Barriers to post-placental intrauterine device receipt among expectant minority women

Lydia Furman, Shannon Pettit, Monique S. Balthazar, Khalilah Williams, Mary Ann O’Riordan

Research output: Contribution to journalArticlepeer-review

1 Scopus citations


Purpose: We aimed to identify barriers to breastfeeding-compatible post-placental intrauterine devices (IUDs) for expectant predominantly non-Hispanic African-American women. Materials and methods: This cross-sectional survey study, conducted at 3 Cleveland community partner locations, enrolled 119 expectant predominantly unmarried but partnered non-Hispanic African-American women. The survey assessed contraceptive, IUD-specific and breastfeeding attitudes and intentions. Survey responses were described with percentages and frequencies, and compared by feeding intention using 2-sided Chi-Square tests. Factor analysis with Varimax rotation identified 2 potential measures of reluctance to post-placental IUD acceptance. The relationship of factors scores to maternal characteristics was assessed. Results: Feeding intention (breastfeeding versus not) was not related to perceived barriers to post-placental IUD receipt among expectant minority women. A “Personal Risks Reluctance” factor included low risk IUD events (migration and expulsion), misconceptions (delayed fertility return), menstrual changes and partner preference: a higher score was significantly associated with younger age group but no other maternal characteristics. A “Not Me Reasons” factor included provider and insurance barriers, and was not related to any maternal characteristics. Conclusions: Expectant minority women’s perceived barriers to post-placental IUDs are not related to prenatal feeding intentions. We identified two clinically relevant factors that appear to measure barriers to post-placental IUD acceptance.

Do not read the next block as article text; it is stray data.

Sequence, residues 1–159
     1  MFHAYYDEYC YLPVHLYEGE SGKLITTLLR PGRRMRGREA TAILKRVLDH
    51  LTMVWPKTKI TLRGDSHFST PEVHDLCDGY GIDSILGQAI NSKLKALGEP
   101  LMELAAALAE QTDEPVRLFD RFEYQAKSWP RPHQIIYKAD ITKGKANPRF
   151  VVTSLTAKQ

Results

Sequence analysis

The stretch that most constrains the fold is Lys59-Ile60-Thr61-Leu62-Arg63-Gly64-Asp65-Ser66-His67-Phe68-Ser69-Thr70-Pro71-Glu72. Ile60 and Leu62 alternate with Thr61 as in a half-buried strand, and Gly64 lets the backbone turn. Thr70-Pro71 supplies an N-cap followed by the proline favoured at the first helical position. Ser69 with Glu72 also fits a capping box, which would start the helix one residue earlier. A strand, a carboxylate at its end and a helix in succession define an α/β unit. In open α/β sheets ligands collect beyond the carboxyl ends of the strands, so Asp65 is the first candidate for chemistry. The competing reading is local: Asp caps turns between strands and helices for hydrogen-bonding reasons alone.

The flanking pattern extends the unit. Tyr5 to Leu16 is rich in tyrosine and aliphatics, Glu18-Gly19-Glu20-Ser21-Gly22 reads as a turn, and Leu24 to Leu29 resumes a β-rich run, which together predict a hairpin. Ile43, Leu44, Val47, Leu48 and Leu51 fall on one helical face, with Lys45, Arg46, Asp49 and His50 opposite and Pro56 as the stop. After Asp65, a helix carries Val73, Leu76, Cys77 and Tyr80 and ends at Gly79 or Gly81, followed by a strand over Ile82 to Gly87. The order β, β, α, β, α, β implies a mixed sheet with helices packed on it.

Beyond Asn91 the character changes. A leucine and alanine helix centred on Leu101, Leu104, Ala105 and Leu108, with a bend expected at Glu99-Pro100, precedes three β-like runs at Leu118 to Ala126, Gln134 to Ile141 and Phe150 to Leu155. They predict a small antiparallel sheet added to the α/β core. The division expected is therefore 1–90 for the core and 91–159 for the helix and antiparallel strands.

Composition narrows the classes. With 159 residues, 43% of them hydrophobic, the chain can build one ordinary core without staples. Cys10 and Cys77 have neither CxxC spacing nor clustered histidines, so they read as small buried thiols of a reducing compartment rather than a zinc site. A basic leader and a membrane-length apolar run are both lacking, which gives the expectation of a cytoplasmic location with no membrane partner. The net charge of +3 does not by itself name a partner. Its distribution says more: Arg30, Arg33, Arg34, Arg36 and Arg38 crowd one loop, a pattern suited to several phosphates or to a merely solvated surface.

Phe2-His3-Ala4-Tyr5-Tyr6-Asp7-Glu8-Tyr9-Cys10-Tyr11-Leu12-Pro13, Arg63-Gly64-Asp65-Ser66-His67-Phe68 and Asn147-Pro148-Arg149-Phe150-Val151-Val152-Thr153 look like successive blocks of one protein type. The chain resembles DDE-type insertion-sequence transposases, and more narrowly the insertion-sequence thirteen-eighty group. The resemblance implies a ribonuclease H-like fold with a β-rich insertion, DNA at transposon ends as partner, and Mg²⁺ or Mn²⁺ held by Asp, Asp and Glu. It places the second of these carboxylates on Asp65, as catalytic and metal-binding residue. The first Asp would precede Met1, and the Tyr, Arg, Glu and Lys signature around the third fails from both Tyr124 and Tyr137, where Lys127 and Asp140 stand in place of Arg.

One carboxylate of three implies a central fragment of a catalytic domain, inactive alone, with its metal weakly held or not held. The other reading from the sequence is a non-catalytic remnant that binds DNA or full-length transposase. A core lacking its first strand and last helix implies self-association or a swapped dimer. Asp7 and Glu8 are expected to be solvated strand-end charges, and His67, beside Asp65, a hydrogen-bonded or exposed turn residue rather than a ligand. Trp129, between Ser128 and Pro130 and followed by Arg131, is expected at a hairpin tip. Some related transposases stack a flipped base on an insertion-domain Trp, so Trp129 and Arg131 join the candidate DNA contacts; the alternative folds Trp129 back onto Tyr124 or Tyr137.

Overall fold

Original languageEnglish (US)
Pages (from-to)91-97
Number of pages7
JournalEuropean Journal of Contraception and Reproductive Health Care
Issue number2
StatePublished - 2021

All Science Journal Classification (ASJC) codes

  • Reproductive Medicine
  • Obstetrics and Gynecology
  • Pharmacology (medical)

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